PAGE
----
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The Railroad and Highway Bridge Across the Little Belt
AT the point of crossing, the little Belt (see map, Figure 1) is 2,700 ft. wide, the depth of water being 65 ft. near the shore and 130 ft. at mid-channel. The sea bed is a blue-green clay of extraordinarily dense and homogeneous composition; the deeper deposits are absolutely watertight and free from stone, which proved an important factor in the success of the foundation method adopted.
Professor Anker Engelund
Although at first sight the design of a concrete road slab may appear to be one of the simplest of engineering problems, it is, in fact, extremely difficult and complex. Even after many years' research both in this country and abroad there is still insufficient information available to enable the design to proceed in the usual manner for engineering structures, namely, on the basis of an adequate knowledge of the maximum stresses to which the road slab will be subjected. Important factors in the problem are the loads imposed by traffic, temperature and moisture changes, and the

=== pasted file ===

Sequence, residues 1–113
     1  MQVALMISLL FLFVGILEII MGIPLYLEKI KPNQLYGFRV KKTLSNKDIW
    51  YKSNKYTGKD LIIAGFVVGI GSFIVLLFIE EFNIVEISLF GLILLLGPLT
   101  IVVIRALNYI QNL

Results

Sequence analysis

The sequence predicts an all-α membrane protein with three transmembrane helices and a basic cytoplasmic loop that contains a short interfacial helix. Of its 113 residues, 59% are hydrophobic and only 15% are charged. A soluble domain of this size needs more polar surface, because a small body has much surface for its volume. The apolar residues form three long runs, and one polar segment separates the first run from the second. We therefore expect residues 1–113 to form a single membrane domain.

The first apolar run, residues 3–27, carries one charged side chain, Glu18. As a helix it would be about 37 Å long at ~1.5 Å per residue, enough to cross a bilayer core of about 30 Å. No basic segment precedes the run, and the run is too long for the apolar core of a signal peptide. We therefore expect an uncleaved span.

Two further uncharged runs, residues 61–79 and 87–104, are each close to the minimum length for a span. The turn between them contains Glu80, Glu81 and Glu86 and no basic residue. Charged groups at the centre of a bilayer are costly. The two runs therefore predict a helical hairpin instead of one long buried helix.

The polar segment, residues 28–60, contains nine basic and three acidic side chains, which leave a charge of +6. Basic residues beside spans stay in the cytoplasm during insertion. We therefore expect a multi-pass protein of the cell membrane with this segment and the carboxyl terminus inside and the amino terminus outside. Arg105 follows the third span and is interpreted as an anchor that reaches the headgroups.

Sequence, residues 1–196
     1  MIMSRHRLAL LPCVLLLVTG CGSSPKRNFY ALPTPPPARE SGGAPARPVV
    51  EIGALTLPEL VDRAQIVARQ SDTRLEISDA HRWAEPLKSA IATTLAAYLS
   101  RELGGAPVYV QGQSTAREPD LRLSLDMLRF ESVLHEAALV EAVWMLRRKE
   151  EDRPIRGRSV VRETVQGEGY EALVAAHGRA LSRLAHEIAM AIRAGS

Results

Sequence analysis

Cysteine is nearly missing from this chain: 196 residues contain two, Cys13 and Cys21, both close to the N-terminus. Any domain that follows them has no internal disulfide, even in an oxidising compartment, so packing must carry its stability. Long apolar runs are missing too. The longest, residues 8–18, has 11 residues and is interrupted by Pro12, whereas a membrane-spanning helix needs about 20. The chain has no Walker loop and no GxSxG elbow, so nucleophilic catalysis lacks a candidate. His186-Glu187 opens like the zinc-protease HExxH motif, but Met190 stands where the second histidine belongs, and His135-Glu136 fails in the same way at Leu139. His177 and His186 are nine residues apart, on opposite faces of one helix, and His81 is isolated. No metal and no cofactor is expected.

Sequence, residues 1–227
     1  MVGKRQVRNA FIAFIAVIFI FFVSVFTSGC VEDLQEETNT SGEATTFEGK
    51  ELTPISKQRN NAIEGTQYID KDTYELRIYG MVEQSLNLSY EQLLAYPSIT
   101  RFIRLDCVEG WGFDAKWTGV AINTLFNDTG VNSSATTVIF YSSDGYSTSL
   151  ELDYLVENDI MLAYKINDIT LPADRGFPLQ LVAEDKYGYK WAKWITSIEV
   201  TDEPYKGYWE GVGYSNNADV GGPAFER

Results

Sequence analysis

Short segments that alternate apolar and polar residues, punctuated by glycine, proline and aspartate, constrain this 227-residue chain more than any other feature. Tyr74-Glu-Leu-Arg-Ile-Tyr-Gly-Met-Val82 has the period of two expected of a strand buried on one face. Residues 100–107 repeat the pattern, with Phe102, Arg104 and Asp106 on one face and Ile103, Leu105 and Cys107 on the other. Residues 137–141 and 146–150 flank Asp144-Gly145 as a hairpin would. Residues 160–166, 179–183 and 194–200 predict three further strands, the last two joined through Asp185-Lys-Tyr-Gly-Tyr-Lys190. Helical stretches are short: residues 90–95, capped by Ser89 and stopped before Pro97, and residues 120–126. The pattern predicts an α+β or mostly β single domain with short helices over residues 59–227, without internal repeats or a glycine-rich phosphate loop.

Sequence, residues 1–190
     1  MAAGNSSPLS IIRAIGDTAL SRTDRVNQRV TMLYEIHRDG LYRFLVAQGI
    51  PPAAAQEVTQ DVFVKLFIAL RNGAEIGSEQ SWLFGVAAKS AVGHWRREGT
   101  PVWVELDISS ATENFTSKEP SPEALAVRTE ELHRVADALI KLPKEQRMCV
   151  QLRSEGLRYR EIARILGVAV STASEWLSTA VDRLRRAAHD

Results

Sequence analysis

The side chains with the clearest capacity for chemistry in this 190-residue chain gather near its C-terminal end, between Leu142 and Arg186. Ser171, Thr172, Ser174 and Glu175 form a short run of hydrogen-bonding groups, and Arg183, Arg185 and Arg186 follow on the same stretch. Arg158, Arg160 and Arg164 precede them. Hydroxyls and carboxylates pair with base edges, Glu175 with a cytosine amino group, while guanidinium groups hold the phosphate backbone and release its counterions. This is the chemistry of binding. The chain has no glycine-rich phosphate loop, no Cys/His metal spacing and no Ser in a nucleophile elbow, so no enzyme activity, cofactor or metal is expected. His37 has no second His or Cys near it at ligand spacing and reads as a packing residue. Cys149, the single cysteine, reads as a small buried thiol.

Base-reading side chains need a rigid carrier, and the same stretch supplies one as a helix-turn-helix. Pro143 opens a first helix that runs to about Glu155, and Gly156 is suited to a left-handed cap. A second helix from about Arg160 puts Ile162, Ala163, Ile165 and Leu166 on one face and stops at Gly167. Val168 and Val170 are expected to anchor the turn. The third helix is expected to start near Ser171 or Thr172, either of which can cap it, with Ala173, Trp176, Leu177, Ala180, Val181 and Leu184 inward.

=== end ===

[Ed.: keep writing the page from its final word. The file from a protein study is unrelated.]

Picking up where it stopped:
supporting conditions supplied by the subgrade and the adjoining slabs.
THE test was carried out on the portal frame girders for Kidlington Canal Bridge, Oxfordshire, by the staff of the Building Research Station, Garston, on behalf of the
Oxfordshire County Council. It took place at the Chepstow Works of the Fairfield Shipbuilding and Engineering Company, Limited, the makers of the girders. The object was to find out how far the thrust, stresses and deflections observed agreed with those calculated in the course of design. It is believed to have been the first test of its kind carried out.
J.J. Leeming and S.C. Redshaw